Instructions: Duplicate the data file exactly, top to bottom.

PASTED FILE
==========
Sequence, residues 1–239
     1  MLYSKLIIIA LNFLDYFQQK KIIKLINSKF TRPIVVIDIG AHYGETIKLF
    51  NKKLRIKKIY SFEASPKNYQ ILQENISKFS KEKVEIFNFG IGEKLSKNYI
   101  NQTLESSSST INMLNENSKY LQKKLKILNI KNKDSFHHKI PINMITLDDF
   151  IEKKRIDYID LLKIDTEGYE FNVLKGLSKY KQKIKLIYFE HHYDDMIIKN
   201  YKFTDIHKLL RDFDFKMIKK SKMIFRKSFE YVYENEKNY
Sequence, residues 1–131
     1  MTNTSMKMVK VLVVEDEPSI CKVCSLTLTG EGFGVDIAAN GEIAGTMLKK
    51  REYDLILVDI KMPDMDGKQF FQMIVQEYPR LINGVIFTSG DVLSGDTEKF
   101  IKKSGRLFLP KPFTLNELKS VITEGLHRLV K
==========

Sequence, residues 1–239
     1  MLYSKLIIIA LNFLDYFQQK KIIKLINSKF TRPIVVIDIG AHYGETIKLF
    51  NKKLRIKKIY SFEASPKNYQ ILQENISKFS KEKVEIFNFG IGEKLSKNYI
   101  NQTLESSSST INMLNENSKY LQKKLKILNI KNKDSFHHKI PINMITLDDF
   151  IEKKRIDYID LLKIDTEGYE FNVLKGLSKY KQKIKLIYFE HHYDDMIIKN
   201  YKFTDIHKLL RDFDFKMIKK SKMIFRKSFE YVYENEKNY
Sequence, residues 1–131
     1  MTNTSMKMVK VLVVEDEPSI CKVCSLTLTG EGFGVDIAAN GEIAGTMLKK
    51  REYDLILVDI KMPDMDGKQF FQMIVQEYPR LINGVIFTSG DVLSGDTEKF
   101  IKKSGRLFLP KPFTLNELKS VITEGLHRLV K